Your body has internet and now it can’t be hacked

Tightening the security on the internet of body.

The human body carries electrical signals well. Now these signals can be contained within close proximity of the body, thanks to new technology developed by Purdue University engineers. Credit: Purdue University image/Erin Easterling
The human body carries electrical signals well. Now these signals can be contained within close proximity of the body, thanks to new technology developed by Purdue University engineers. Credit: Purdue University image/Erin Easterling

Radiative communication using electro-magnetic (EM) fields amongst the wearable and implantable devices act as the backbone for information exchange around a human body. However, owing to such radiative nature of the traditional wireless communication, EM signals propagate in all directions, inadvertently allowing an eavesdropper to intercept the information.

In this context, the human body, primarily due to its high water content, has emerged as a medium for low-loss transmission, termed human body communication (HBC), enabling energy-efficient means for wearable communication. However, conventional HBC implementations suffer from significant radiation which also compromises security.

The network you didn’t know you had is only accessible by you and your devices. All credit goes to the technology that keeps communication signals within the body itself.

What if someone could hack into your pacemaker or insulin pump and potentially kill you, just by intercepting and analyzing wireless signals?

Well, this has not yet happened in real life, still scientists, by analyzing the potential of the internet of the body, have been demonstrating for at least a decade that it’s possible.

Now, scientists at Purdue University have tightened security on the internet of the body. They have demonstrated a way for human body communication to occur more securely – not going beyond a centimeter off the skin and using 100 times less energy than traditional Bluetooth communication.

This is possible through a device that couples signals in the electro-quasistatic range, which is much lower on the electromagnetic spectrum. Now, scientists are working with government and industry to incorporate this device into a dust-sized integrated circuit.

Through a prototype watch, a person can receive a signal from anywhere on the body, from the ears all the way down to the toes. The thickness of your skin or hair also doesn’t really make a difference in how well you carry the signal.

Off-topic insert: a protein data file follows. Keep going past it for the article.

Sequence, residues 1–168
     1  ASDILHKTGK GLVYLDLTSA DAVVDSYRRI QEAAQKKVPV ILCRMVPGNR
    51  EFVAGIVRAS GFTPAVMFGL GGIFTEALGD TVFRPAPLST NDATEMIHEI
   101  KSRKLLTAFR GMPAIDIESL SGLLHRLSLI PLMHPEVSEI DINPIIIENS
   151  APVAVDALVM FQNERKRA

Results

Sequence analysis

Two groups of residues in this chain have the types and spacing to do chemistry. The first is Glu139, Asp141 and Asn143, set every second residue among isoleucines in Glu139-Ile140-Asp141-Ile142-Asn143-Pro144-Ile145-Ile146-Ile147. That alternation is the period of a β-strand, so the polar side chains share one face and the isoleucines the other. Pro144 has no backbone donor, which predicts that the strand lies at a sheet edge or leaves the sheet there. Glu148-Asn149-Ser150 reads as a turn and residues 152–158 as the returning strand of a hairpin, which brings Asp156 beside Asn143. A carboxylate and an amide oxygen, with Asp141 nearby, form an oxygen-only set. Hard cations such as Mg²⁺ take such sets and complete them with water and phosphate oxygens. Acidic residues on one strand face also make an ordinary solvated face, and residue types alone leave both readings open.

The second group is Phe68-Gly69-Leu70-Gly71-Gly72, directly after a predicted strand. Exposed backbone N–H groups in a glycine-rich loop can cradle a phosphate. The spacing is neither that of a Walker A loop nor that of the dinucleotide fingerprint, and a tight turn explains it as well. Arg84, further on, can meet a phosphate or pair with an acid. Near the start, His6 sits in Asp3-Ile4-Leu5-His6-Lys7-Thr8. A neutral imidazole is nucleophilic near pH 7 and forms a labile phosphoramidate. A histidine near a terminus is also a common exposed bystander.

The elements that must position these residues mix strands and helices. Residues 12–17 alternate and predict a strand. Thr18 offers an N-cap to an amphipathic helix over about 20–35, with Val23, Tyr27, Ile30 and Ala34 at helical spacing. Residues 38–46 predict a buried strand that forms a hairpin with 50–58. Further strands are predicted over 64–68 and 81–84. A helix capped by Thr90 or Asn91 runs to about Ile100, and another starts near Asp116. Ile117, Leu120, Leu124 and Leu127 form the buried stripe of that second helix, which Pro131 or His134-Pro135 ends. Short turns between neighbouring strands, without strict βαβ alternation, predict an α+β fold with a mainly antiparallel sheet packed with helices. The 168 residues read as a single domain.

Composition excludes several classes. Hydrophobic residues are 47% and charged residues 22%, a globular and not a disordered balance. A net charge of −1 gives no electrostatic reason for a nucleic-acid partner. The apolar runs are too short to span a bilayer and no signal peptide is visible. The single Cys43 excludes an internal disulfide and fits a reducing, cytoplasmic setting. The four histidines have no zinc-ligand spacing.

A device keeps communication signals within the body, so that no one can hack into medical equipment such as pacemakers. Credit: Purdue University image/Debayan Das
A device keeps communication signals within the body so that no one can hack into medical equipment such as pacemakers. Credit: Purdue University image/Debayan Das

Shreyas Sen, an assistant professor of electrical and computer engineering at Purdue said, “We’re connecting more and more devices to the human body network, from virtual reality displays. The challenge has not only been keeping this communication within the body so that no one can intercept it, but also getting higher bandwidth and less battery consumption.”

“Body fluids carry electrical signals very well. So far, so-called “body area networks” have used Bluetooth technology to send signals on and around the body. These electromagnetic waves can be picked up within at least a 10-meter radius of a person.”

“Our idea is expected to create a way for doctors to reprogram medical devices without invasive surgery. The technology would also help streamline the advent of closed-loop bioelectronic medicine – in which wearable or implantable medical devices function as drugs, but without the side effects – and high-speed brain imaging for neuroscience applications.”

“We show for the first time a physical understanding of the security properties of human body communication to enable a covert body area network so that no one can snoop important information.”

The study is published in the journal Scientific Reports. Other coauthors Debayan Das, Shovan Maity and Baibhab Chatterjee.